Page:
Septic systems failure

Septic systems are not perfect. Like any biological/mechanical system, regular maintenance is required to achieve good performance. USEPA estimates from the 1990s on failure rates across the country vary from less than 5% (Arizona, California, Florida, Maryland, New Hampshire, New York) to 50% or higher (Minnesota, Missouri, West Virginia). More recent data on failure rates show 18% in Delaware (EFC, 2008), 20-24% in Pennsylvania (Day et al., 2008) and 30% of systems in Ohio (ODH, 2008) fail. A study in Erie County, NY estimated the failure rate to be 27% (Irvine et al., 2006). It is to be noted that the definition of failure rate varies across states and many states lack resources to accurately measure failure rates. Several of these numbers are estimates based on secondary information such as repair permits or scaled-up based on localized surveys conducted by county health departments. Septic systems fail due to one or a combination of the following reasons: improper siting in soils with restrictive conditions, under-design, age, and failure to remove excess sludge. Proper siting and design, and periodic removal of sludge can significantly enhance the performance of the septic systems and prolong its operational life. Proper siting of septic systems can offer other economic benefits such an improvement in the value of your property (Vedachalam et al., 2013), reduced health costs and increased tourism and recreation in the region. Regulatory changes at the level of local governments can ensure mandatory creation of responsible management entities (RMEs) that are tasked with regular maintenance and upkeep of these systems. RMEs collect periodic user fees (similar to utility fees paid for wastewater treatment in urban areas) and are, in turn, legally and financially responsible for protecting public health and the environment. For more on RMEs, see English and Yeager (2002). If designed and maintained well, decentralized systems can be a “green” alternative to the traditional sewer network. They keep the water in the same watershed, recharge groundwater, and cost less.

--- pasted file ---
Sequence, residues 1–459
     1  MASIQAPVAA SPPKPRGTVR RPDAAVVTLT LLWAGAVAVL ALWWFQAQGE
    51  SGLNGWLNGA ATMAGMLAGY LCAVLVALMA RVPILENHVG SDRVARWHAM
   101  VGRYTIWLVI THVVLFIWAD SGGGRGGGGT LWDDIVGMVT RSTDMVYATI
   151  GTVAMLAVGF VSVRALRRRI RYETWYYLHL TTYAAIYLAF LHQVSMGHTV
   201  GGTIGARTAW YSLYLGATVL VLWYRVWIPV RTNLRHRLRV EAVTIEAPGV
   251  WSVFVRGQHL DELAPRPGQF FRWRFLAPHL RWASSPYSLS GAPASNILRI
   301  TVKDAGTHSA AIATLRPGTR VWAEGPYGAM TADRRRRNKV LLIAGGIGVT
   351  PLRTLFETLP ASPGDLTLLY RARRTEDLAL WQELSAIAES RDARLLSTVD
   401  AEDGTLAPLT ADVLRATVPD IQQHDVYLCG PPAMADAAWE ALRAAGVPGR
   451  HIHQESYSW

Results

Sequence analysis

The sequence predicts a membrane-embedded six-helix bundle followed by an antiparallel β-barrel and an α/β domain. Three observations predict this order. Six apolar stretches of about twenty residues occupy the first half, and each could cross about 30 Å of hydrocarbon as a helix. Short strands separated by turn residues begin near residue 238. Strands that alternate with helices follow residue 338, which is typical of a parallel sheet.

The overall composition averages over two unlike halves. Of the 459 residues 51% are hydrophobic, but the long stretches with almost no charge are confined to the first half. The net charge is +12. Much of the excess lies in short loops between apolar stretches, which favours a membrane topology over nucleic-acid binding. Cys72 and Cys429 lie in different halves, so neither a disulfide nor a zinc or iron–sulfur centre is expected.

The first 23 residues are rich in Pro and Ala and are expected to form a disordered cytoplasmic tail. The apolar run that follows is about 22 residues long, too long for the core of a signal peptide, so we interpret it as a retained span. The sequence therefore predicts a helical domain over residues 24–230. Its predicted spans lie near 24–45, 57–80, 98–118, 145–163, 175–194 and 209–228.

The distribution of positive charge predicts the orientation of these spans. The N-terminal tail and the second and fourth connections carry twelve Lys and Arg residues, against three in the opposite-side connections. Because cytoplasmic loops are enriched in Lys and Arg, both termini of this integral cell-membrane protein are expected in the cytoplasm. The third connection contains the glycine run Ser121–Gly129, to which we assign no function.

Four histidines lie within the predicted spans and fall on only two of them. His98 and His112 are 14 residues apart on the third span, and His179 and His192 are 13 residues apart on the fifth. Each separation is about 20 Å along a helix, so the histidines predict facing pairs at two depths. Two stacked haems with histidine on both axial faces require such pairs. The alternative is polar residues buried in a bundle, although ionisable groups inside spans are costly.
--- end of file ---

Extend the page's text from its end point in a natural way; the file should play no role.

Where to get more specific information?

Cornell Cooperative Extension has extensive reading materials on designing, maintaining, and trouble-shooting septic systems, which can be found here. If you are in New York, you can also talk to someone at your local County Extension Office. See the list of Extension offices here. During Winter 2013, Cornell University, in partnership with local lake associations conducted 4 workshops on septic systems in Otsego and Chautauqua counties. View more information and resources provided during the workshops.

References and additional readings

  • English, C.D., and Yeager, T.E. 2002. Responsible management entities as a methods to ensure decentralized wastewater system viability. Small Flows Quarterly, 3(2):25-35 [pdf].
  • Geisinger, D., and Chartier, G. 2005. Managed onsite/decentralized wastewater systems as long-term solutions. Clearwaters, Fall:6-11 [pdf].
  • Vedachalam, S., Hitzhusen, F.J., and Mancl, K.M. 2013. Economic analysis of poorly sited septic systems: A hedonic pricing approach. Journal of Environmental Planning and Management, 56(3):329-344 [pdf].